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A Black Man Called The Cops Nazis–And Was Charged With A Hate Crime

A Pennsylvania hate crime statute is being used by law enforcement to punish angry arrestees.

Pennsylvania state troopers watch over a Pittsburgh protest
Chris Hondros/Getty Images

A Black Man Called The Cops Nazis–And Was Charged With A Hate Crime

A Pennsylvania hate crime statute is being used by law enforcement to punish angry arrestees.

Tempers can flare during an arrest, leading some people to say ill-advised and even cruel things.

But, where does protected speech end and criminal speech begin?

That line is being blurred by police in Pennsylvania who are using the state’s hate crime statute called ethnic intimidation—defined as “malicious intention toward the race, color, religion or national origin of another individual or group of individuals”—against people who direct vitriol at them.

On Sept. 23, 2016, Robbie Sanderson, a 52-year-old Black man from North Carolina, was arrested for retail theft in Crafton, a small town near Pittsburgh.

During the arrest, Sanderson called police “Nazis,” “skinheads” and “Gestapo,” according to an affidavit of probable cause filed by the Crafton Borough police.

For that, he was charged with a hate crime.

“This is completely ridiculous,” said Mary Catherine Roper, deputy legal director for the ACLU of Pennsylvania. “This is not what the hate crime statute was for. This is criminalizing pure speech and that violates the First Amendment.”

It all began that late September day when the police responded to a CVS Pharmacy for a possible active burglary, according to the police affidavit.

A passing motorist called police to say that she saw an older black man pulling on the rear doors of the store.

The store was open at the time, but when police arrived they found no one at the rear so they went inside.

Police then spoke with a CVS employee who identified Sanderson as the man pulling on the store’s doors; the employee told the police that the man was at the cashier station.

The police approached Sanderson by the cash registers, detained him, and searched his backpack, according to the affidavit. Inside the backpack, police allegedly found a little more than $100 worth of stolen merchandise, including beef jerky and Dr. Scholl’s shoe inserts.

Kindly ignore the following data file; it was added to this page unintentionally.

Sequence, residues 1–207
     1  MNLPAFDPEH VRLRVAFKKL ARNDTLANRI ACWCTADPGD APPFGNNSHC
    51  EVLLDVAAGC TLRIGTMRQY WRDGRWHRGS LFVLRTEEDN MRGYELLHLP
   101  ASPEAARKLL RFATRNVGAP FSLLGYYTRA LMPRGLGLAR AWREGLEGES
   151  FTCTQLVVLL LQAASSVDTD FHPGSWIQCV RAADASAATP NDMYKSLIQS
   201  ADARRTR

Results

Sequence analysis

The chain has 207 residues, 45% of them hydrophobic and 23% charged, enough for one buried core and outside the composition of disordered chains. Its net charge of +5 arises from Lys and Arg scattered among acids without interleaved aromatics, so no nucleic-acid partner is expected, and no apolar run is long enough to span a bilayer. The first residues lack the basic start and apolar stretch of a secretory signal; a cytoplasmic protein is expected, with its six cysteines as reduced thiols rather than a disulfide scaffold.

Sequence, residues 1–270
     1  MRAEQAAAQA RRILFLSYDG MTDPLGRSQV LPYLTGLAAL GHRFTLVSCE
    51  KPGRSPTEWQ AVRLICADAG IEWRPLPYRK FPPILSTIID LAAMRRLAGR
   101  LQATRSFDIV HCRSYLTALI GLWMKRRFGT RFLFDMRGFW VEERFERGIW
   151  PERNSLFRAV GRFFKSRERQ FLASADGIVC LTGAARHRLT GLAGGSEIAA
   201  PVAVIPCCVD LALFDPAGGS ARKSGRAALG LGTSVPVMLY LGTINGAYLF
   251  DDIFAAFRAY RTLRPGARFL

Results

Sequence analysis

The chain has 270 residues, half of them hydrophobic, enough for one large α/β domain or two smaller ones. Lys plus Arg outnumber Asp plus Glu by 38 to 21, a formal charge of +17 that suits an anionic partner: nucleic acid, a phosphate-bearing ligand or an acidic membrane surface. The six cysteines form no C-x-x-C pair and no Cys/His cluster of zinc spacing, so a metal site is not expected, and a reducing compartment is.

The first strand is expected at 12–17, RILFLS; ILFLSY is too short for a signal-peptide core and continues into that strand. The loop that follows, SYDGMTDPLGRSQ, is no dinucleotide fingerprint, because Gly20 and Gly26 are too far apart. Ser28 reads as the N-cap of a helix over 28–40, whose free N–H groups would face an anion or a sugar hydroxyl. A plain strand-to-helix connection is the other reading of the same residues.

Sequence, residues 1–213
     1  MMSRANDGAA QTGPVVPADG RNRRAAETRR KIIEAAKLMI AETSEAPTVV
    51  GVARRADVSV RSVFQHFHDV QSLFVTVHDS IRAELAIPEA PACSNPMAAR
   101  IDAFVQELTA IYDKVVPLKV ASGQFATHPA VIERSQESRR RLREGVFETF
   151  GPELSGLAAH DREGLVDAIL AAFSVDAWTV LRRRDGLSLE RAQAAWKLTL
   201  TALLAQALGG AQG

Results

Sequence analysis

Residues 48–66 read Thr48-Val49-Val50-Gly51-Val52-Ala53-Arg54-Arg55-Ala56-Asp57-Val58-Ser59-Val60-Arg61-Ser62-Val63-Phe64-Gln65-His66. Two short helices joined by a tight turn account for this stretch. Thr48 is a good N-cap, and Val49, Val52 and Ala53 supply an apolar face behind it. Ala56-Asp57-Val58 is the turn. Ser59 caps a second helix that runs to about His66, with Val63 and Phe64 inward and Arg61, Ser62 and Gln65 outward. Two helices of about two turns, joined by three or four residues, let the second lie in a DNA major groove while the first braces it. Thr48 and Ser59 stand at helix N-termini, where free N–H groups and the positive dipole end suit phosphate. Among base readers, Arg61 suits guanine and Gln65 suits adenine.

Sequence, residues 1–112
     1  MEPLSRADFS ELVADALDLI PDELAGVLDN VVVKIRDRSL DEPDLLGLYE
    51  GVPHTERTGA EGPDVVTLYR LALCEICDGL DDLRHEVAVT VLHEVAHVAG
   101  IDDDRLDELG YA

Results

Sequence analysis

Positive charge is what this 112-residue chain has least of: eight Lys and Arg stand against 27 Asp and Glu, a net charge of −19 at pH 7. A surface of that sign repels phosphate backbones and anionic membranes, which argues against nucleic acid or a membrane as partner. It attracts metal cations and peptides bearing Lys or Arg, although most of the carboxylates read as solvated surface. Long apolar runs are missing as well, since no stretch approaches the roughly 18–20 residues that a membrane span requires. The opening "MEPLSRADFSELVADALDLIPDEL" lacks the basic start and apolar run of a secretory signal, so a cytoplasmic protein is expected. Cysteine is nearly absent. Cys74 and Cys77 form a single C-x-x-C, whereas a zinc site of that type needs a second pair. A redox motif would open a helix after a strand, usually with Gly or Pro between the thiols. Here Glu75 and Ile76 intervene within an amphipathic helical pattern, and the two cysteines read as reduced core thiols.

After Sanderson called the police derogatory names, the affidavit states, he also told them “that’s why motherfuckers are killing y’all out here” and “all you cops just shoot people for no reason.”

And police said that Sanderson told one officer, Brian Tully, that he was going to find his wife and have sex with her.

Tully then charged Sanderson with summary retail theft for allegedly stealing the items from the CVS, as well as misdemeanor terroristic threats, institutional vandalism and resisting arrest for incidents that occurred during the arrest, according to court records.

Sanderson was also charged with “felony ethnic intimidation”—Pennsylvania’s hate crime statute—for making angry comments to the police.

Roper of the ACLU told The Appeal that ethnic intimidation is supposed to be used only when an underlying crime like making terroristic threats or simple assault is motivated by a bias or hatred of race, ethnicity, or religion. It is not supposed to be used merely because a defendant made racially driven remarks around the time of an incident if the underlying offense was not motivated by such bias.

“Where the underlying crime is shoplifting or the underlying crime is resisting arrest,” Roper explained, “none of that is motivated by ethnic bias.”

The grading of an offense—whether it is a felony or a misdemeanor—is based on the grading of the underlying offense.

So, by definition, ethnic intimidation increases the penalty for a crime by making the grading one step higher than the underlying alleged bias-motivated offense.

In Sanderson’s case, police claimed the terroristic threats charge was bias-motivated. That offense is graded as a first-degree misdemeanor, meaning the ethnic intimidation charge Sanderson faced was then upgraded to a third-degree felony.

Sanderson is not the only Pennsylvania resident to face ethnic intimidation charges for what appears to be simply making comments to the police that could be considered racist. The Appeal identified at least three other such cases in the state in 2016.

In January that year, Sannetta Amoroso, a 43-year-old Black woman from Pittsburgh, was charged with multiple counts of first-degree felony ethnic intimidation by McKees Rocks police Officer Brandy Harcha. According to police, Amoroso became angry while trying to report a crime and said “I’m going to kill all you white bitches” and “death to all you white bitches.”

Then in June, Pennsylvania State Police Trooper Robert Wareham charged Steven Ray Oller, 47, of Chambersburg, with misdemeanor ethnic intimidation for threatening officers and using a racial slur directed at a Latinx trooper during an arrest for suspected DUI.

And in August, Trooper James Welsh of the state police charged Seneca Anthony Payne, a 39-year-old Bucks County man, with misdemeanor ethnic intimidation. Payne allegedly called an officer a “Gandhi motherfucker” during a welfare check at Payne’s home.

Despite filing such charges, in 2016 these departments reported to the Pennsylvania State Police Uniform Crime Reporting System that no hate crimes occurred in their jurisdictions.

“What you have is police officers essentially punishing people for disrespect to police officers by adding on criminal charges,” Roper explained. “And that’s just inappropriate. The things they are saying are deeply offensive, but they are not criminal.”